March 4, 2017, brought a day of violent political clashes to downtown Berkeley’s Civic Center Park. The event, dubbed the “March on Berkeley” by its pro-Trump organizers, was the first of several large protests in the city in 2017 that would pit pro- and anti-Trump activists against each other. There were verbal altercations and street brawls. And despite efforts by some to keep events peaceful, nearly every rally resulted in violence and arrests. Both sides have blamed the other for provoking the fights.
Wednesday, a trial began in Alameda County Superior Court where jurors have been asked to decide if five self-described “anti-fascist” defendants are guilty of attacking Trump supporter Moshe Daniel Quillinan during his evaluation by Berkeley firefighters for a large cut on his head that ultimately required 10 staples to close, according to testimony last week.
Prosecutor Jim Logan, with the Alameda County district attorney’s office, told jurors Friday during closing arguments that he wouldn’t blame them if they found Quillinan’s political views repulsive. But Logan said that didn’t mean Quillinan deserved to be attacked as he sat near firefighters, with a bandage wrapped completely around his head, waiting for a friend to take him to the hospital: “Just because the victim is dislikable doesn’t mean the rules don’t apply,” Logan said. “The defendants don’t get to decide … punishment on the street. That’s what the courtroom is for.”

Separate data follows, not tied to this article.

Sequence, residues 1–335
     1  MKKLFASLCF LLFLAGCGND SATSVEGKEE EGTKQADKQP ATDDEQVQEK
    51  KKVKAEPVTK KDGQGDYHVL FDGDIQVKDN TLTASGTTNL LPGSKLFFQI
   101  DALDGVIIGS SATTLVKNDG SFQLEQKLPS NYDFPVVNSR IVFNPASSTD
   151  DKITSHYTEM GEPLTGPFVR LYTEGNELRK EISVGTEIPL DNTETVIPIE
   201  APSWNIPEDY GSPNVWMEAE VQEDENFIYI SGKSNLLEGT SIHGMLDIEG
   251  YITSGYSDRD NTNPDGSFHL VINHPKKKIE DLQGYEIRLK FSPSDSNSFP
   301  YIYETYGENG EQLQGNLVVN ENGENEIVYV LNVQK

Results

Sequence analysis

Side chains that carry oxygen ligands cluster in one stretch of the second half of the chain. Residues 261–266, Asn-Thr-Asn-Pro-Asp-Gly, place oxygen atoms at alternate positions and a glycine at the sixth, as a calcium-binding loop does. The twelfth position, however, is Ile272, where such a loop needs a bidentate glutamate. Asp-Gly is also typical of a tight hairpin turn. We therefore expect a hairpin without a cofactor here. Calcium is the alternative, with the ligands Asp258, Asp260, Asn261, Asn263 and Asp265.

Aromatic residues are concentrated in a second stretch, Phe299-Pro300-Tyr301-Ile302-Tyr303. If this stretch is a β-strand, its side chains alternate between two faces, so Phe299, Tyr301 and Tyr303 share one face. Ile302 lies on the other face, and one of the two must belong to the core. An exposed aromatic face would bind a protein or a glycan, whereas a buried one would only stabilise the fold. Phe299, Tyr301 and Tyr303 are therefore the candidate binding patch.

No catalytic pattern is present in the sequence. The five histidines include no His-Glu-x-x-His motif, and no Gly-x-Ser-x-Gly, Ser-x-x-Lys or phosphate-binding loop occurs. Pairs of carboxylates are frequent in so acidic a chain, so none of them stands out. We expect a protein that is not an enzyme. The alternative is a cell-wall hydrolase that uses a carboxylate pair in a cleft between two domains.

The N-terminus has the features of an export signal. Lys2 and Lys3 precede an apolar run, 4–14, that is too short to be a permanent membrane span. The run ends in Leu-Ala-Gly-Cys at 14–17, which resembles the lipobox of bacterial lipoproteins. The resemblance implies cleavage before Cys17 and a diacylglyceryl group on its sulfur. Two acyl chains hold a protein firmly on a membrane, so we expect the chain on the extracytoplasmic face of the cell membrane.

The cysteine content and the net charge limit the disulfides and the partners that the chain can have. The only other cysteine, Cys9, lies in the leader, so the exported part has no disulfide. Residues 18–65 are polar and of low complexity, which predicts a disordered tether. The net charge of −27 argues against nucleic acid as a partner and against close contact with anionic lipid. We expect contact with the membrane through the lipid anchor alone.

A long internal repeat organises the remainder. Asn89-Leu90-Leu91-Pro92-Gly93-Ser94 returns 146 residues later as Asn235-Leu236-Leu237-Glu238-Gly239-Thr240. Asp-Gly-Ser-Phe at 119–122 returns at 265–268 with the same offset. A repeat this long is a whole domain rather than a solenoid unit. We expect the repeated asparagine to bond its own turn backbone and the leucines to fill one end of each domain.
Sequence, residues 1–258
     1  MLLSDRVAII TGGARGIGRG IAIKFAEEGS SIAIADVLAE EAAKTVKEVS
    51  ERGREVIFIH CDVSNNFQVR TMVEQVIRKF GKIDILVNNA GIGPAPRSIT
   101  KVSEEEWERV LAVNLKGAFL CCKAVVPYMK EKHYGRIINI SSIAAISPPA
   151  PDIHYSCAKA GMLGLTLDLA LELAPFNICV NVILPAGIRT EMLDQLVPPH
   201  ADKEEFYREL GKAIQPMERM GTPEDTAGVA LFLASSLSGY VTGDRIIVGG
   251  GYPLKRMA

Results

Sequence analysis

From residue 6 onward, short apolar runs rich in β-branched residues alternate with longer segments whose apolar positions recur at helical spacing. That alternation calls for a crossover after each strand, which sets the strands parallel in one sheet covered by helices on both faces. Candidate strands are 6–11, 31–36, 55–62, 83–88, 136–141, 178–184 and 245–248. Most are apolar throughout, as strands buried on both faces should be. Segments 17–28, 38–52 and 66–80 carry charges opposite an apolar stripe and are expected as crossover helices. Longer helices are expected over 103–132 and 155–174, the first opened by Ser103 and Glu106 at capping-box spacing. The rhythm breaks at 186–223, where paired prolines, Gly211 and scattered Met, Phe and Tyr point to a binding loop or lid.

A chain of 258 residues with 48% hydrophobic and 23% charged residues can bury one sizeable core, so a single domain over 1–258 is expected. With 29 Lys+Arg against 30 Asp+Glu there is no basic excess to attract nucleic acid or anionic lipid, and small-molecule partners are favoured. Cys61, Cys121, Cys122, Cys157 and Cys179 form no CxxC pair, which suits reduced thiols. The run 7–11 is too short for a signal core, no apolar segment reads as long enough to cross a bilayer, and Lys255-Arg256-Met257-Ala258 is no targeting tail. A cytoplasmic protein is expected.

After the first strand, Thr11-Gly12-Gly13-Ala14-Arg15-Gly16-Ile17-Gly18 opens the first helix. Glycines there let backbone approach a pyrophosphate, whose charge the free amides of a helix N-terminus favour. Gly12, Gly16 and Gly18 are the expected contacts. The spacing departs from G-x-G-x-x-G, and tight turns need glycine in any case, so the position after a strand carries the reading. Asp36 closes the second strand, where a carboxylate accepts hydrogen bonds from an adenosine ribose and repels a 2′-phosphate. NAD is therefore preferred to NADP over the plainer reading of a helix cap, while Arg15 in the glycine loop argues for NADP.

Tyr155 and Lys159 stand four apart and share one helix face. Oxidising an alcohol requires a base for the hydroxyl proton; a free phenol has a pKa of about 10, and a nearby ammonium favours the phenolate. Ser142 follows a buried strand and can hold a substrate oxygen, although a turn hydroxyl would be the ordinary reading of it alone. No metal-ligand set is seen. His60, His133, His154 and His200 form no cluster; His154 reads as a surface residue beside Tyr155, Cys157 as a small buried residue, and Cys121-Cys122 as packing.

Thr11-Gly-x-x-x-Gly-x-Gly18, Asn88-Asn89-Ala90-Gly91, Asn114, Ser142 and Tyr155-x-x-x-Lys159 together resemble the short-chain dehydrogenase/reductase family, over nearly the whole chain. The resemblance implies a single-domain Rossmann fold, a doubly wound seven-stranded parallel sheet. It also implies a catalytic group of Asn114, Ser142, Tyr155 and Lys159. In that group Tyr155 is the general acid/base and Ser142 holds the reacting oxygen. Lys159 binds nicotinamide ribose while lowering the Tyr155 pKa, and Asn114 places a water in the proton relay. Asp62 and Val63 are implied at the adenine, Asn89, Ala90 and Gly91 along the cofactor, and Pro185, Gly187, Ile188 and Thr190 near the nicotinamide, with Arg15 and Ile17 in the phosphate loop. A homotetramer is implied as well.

Defense attorney Shanta Driver told the jury it was Quillinan who provoked an argument with a group of passers-by that included some of her clients. She said they only tried to defend themselves, as Quillinan tried to strike them with a wooden shield, and argued that Berkeley police were “treating Mr. Quillinan as a victim, and as somebody whose rights were denied, while treating these five [defendants] as villains and perpetrators of violence.”
Driver — who is representing Taylor Fuller, Scott Hedrick, Nathan Perry, Jeff Armstrong and Dustin Sawtelle — told jurors during her closing arguments Friday that they had witnessed “a political trial that’s being conducted in a political era, the Trump era: an era in which lies and fantasies can be substitutes for the truth and reality.”
From Wednesday through Friday, jurors and Judge Alison Tucher heard testimony from a parade of witnesses for the prosecution and defense. Dozens of supporters of the five defendants have been in court for the bulk of the trial. They have made their feelings known, with laughter and sighs of derision, hissing, applause and other outbursts. At one point, a member of the audience held up a political flier, facing the jury, urging the court to “drop the charges” against the activist group.
Tucher repeatedly admonished the crowd to keep on their “poker faces,” or risk ejection, telling them it was a “courtroom, not a political rally.” She said there should be “no snickering, laughing, catcalling” or any other reactions in response to the witnesses: “You can think whatever you want to think inside your heads,” she said. But the proceedings continued to be marked by interruptions and audible reactions, despite her numerous announcements for order.